On the other hand, elderly adults had to ask the electoral operators for assistance in order to vote, because they “did not know what automated voting consists of ”, so they asked the JCE to make more information available about electronic voting for the 2020 elections.

For now, while the Central Electoral Board declared that the system had worked well “during a day of pride for the country”, Candidate Leonel Fernandez said he will request the annulment of the elections and that he will call for peaceful demonstrations in the country to denounce the fraud.

The electoral future of the Dominican Republic looks gloomy, without greater transparency or actions aimed at correcting the flaws that appear when an automated voting model is implemented with poor or no planning, and disregarding the successful models of other countries.

Argentina takes concrete steps toward electoral transformation

During the Primary, Open, Simultaneous and Mandatory elections (PASO, for Primarias, Abiertas, Simultáneas y Obligatorias) recently held in Argentina, a new mechanism was implemented in order to transmit the precinct counts (“Telegrams”) directly from the voting places (schools) to the computer center. Both the data transmission software and the technology and services for the provisional count were provided by the Smartmatic company, after winning two public tenders by Correo Argentino.

Previously, telegrams traveled in vans under custody by the General Electoral Command to the so-called Digitalization and Transmission Centers (CTD), which could be located up to 86 km away from the voting venue. Consequently, in provinces having difficult access the transfer of electoral materials was often delayed compared to those schools in urban sectors whose materials reached the CTD in a matter of minutes. This negatively impacted the speed with which provisional results could be offered.

This year, in spite of questionings and denunciations from sectors opposed to change, the system in charge of the capture and transmission of results worked correctly and safely during the whole Election Day.  For the first time in the history of elections in this country, the results were known in record time, e.g. by midnight the count of a full 87% of telegrams was made public.

It is important to note that the improvements implemented in the process do not affect the procedure with which Argentina has held free elections since 1916. After the voting closed, voting station authorities manually count the votes and prepare the electoral documents. In this way, documents such as Telegrams are produced, which serve to carry out the provisional tally, which has an informative nature; and the formal Precinct Count, a document used by each district’s electoral justice to perform the final count 48 hours after the polls have closed.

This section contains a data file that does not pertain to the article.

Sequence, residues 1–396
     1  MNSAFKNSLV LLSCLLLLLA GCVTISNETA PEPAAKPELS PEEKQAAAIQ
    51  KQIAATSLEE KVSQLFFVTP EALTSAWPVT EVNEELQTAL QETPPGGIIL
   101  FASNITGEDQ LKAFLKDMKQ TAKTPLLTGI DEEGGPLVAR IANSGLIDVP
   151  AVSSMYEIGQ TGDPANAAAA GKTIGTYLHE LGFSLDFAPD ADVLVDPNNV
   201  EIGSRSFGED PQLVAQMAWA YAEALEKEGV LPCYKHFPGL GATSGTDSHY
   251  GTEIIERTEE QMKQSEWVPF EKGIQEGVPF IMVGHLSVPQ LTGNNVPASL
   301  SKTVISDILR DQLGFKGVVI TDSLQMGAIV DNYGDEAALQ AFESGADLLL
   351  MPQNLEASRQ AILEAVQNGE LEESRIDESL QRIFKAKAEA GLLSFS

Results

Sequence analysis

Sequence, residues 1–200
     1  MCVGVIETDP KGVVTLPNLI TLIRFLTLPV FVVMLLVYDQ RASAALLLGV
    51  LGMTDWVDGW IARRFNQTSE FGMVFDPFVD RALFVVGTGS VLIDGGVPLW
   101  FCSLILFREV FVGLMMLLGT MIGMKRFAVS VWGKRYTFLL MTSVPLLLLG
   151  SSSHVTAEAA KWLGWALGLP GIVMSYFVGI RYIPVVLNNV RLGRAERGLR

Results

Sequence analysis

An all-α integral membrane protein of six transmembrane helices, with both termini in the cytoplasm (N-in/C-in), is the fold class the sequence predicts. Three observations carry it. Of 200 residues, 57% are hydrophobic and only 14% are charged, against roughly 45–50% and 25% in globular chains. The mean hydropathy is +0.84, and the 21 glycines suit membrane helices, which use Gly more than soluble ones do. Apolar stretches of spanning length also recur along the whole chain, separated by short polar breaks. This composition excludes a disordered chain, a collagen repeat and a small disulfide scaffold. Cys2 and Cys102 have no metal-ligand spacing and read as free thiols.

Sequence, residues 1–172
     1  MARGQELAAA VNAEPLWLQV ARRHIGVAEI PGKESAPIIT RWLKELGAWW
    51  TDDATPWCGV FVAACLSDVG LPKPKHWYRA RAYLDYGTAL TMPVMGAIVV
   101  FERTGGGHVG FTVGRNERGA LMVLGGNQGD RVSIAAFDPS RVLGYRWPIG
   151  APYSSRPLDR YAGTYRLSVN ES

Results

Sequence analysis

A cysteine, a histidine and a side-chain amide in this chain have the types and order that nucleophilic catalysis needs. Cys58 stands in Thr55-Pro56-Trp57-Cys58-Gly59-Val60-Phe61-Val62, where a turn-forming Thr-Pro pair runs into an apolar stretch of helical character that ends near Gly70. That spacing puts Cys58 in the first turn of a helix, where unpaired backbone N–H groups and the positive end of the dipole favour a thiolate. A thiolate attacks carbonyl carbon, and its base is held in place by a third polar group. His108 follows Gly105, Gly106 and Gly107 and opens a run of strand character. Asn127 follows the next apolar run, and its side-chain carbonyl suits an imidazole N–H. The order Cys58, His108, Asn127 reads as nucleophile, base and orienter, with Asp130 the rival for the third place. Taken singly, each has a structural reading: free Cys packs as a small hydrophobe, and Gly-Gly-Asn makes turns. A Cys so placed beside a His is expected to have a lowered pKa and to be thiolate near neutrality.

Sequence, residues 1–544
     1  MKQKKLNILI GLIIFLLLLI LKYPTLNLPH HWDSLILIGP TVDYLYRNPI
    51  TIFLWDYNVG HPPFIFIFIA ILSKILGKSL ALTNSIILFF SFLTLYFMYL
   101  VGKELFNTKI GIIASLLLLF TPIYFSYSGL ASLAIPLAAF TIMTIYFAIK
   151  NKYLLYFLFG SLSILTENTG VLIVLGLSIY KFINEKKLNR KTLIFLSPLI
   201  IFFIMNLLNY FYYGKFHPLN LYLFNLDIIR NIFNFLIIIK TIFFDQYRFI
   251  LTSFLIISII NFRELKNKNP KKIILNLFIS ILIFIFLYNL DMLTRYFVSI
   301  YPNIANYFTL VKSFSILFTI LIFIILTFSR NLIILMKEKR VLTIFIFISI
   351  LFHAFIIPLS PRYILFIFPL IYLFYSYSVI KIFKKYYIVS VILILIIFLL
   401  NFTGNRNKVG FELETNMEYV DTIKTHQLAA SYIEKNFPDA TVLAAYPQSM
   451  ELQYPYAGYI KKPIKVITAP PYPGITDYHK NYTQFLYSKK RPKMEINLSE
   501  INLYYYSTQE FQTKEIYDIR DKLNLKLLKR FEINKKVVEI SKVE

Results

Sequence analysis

Just as the provisional count reached a record number of results published by 10:30 pm, in parallel, and for the first time in Argentine elections, the voting station authorities, general prosecutors and proxies of political parties were able to view the scanned telegrams and compare them with the physical certificates the same night of the election.

This level of transparency attained in the publication of telegrams revealed the inconsistencies of manual voting mechanisms. In Argentina, as in all countries that vote traditionally, these shortcomings or inconsistencies occur when voting station authorities set to completing electoral documents.

Hernán Mogni, the secretary of the National Electoral Prosecutor, declared that “it is common that there are cross-outs in telegrams, they are part of human error.”

What happened prompted statements and opinions that sought to discredit the electoral process or its public perception. However, only a provisional tally was involved -with no legal consequences- and the situation was settled by the electoral authorities, as when the final count was made it was shown that errors in telegrams affected less than 1% of the votes, something unable to alter the final result.

An authorized voice, such as Alejandro Tullio, former director of the National Electoral Directorate (DINE) of the Ministry of Interior,  ruled out any irregularity stating that “You cannot talk about fraud for this reason: the telegram is an element lacking validity. What is valid is the result stated in the precinct counts. A 100% of the counts are counted again in each electoral court”, and this is what arrives at the final result.

In summary, although the inconsistencies in the telegrams do not affect final results, Argentinian authorities must propose solutions that mitigate human error in their electoral processes. In turn, they ought to implement solutions that support electoral workers on Election Day. In most cases, errors occur due to the exhaustion of electoral authorities and workers, who spend more than 12 hours at a polling place and still have to perform crucial tasks such as the counting of votes and the filling of materials.